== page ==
Watching Hell of the Living Dead today after becoming fully aware of just who was behind the lens, the score and with a full history of Italian Horror knowledge to pull from, I can appreciate it as a work of brutal art focused on entertaining rather than providing social criticism or big scares. Sure it's flawed with with a recycled score and strange stock footage cut-ins (that actually work despite being out of place), but it certainly isn't boring. There are plenty of Italian stinkers out there that meander from line to line through paragraphs of dialogue with a sex scene shoved in between substandard gore sequences or even movies with less plot and fewer dots connected. When you really break it down, the only thing truly wrong with Hell of the Living Dead is the obvious nods to Dawn of the Dead which can take you out of the picture completely if you get caught up in those blue swat suits. As fans of Dawn of the Dead (aren't we all) we will revel in the subtle things that connect the two movies. Beyond that it feels like Hell of the Living Dead is most closely related to Nightmare City in that the zombies are created as a result of the environmental irresponsibility of big business (though don't tell Umberto Lenzi we're calling the City of the Walking Dead mutants zombies).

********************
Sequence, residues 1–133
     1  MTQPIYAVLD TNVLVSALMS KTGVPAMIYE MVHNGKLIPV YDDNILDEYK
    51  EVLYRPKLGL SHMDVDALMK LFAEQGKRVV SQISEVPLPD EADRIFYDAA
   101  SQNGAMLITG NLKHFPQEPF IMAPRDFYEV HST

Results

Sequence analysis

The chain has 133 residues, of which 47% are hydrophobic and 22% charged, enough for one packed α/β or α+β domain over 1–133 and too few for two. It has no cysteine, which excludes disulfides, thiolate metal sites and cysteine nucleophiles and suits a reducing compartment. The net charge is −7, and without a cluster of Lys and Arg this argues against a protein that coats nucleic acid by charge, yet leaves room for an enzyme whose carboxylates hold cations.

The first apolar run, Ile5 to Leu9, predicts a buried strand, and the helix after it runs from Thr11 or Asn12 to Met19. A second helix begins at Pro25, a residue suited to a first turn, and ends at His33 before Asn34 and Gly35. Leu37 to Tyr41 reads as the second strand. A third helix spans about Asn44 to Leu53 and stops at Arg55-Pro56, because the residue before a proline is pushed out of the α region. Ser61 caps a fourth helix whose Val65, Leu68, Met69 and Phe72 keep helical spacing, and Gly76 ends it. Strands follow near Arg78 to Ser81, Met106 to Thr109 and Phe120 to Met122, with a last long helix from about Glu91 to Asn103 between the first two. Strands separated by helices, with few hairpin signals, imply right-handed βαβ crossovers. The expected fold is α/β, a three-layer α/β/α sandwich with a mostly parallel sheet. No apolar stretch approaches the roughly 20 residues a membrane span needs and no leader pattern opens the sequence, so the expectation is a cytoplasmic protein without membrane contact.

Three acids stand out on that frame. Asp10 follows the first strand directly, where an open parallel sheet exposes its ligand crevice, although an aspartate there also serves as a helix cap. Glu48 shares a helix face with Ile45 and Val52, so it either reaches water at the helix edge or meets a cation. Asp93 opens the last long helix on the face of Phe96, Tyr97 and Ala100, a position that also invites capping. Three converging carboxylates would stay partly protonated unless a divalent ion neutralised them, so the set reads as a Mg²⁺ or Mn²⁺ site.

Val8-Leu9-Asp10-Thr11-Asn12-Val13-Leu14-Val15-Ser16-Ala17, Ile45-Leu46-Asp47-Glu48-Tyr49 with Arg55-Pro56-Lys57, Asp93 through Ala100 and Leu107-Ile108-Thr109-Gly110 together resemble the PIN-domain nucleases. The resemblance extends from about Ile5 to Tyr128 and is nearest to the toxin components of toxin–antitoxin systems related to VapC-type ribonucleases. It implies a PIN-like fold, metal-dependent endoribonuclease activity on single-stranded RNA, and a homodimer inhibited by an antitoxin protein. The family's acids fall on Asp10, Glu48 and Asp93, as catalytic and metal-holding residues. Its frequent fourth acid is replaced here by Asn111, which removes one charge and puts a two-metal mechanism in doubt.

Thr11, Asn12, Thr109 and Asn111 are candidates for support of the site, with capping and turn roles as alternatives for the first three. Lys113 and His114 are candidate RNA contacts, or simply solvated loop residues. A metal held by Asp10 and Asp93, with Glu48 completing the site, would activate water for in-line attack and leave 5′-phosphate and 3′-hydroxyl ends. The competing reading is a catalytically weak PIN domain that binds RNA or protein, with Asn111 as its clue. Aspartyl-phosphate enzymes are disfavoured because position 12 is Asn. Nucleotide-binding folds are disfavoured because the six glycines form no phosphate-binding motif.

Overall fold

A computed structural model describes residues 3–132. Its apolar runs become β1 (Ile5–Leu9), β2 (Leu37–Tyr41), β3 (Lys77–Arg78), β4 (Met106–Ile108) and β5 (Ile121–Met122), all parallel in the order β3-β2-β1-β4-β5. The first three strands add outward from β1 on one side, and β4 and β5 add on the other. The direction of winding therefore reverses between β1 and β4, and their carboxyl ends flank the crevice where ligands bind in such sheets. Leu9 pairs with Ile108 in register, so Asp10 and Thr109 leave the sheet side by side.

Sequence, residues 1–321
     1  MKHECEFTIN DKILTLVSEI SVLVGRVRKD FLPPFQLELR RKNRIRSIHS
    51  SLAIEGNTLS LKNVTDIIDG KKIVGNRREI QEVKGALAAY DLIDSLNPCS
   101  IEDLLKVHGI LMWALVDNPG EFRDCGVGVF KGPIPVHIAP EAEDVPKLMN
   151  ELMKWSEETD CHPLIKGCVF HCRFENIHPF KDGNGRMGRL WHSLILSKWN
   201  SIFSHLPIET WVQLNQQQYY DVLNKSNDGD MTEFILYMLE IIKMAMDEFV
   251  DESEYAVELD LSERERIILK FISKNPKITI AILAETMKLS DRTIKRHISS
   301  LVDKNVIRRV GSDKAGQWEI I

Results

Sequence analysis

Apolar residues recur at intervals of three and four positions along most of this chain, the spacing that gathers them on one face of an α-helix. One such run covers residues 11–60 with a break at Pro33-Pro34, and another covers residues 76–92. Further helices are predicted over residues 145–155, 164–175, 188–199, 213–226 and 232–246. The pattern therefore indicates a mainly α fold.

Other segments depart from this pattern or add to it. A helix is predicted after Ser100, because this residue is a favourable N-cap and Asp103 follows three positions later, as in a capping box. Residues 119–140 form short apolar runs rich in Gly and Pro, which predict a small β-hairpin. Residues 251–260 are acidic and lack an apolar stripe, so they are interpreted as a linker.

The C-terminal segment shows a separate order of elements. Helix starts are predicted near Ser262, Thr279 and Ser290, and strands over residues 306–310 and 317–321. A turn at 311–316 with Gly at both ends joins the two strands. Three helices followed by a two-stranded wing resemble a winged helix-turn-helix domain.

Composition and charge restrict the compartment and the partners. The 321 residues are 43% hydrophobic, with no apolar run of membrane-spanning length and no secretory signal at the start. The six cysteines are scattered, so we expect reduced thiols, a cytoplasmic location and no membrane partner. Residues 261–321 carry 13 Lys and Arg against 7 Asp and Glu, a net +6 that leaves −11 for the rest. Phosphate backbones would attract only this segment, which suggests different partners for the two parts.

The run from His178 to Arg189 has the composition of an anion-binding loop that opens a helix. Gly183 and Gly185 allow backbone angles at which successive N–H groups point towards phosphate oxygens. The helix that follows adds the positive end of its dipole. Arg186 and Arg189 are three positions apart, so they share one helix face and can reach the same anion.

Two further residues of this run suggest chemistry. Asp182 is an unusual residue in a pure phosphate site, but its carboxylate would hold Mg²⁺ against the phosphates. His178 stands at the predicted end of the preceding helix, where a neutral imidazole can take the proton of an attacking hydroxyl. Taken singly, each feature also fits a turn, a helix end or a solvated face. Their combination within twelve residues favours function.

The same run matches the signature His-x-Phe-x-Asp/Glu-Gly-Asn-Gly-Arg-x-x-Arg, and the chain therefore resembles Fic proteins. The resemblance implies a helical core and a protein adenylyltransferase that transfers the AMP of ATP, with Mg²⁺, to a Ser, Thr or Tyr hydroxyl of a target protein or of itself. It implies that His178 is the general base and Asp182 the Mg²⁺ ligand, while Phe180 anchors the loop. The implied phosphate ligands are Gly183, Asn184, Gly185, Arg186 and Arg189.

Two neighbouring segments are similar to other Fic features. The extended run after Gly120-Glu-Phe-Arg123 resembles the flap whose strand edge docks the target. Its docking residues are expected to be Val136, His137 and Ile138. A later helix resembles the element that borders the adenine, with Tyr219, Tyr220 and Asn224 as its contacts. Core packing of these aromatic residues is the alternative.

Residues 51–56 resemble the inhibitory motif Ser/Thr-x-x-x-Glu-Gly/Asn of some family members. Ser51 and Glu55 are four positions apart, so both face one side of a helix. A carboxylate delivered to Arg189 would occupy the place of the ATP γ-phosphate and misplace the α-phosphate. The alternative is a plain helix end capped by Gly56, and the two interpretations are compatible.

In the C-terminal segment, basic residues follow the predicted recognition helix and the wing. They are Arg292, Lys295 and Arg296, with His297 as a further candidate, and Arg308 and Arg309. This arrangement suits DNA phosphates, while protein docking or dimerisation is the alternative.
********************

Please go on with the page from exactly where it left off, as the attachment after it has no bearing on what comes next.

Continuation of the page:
Also, just because the back of the box calls it a "gut-muncher" doesn't mean everyone can suddenly start turning that phrase. It is though...you know... a gut-muncher.
Moving on to Rats: Night of Terror, a movie with which I have less longevity but for which I have come to truly embrace; it truly is its own private post-apocalyptic nightmare.
Synopsis from Blue Underground:
In the year 225 A.B. (After the Bomb), a group of post-apocalyptic bikers discover an abandoned research laboratory filled with food, water... and thousands of rats. But these are no ordinary vermin; these are super-intelligent mutant rodents with a ravenous appetite for human flesh. Can a bunch of heavily armed but not-too-bright human scavengers survive a night of terror against the most hungry and horrific predators on earth?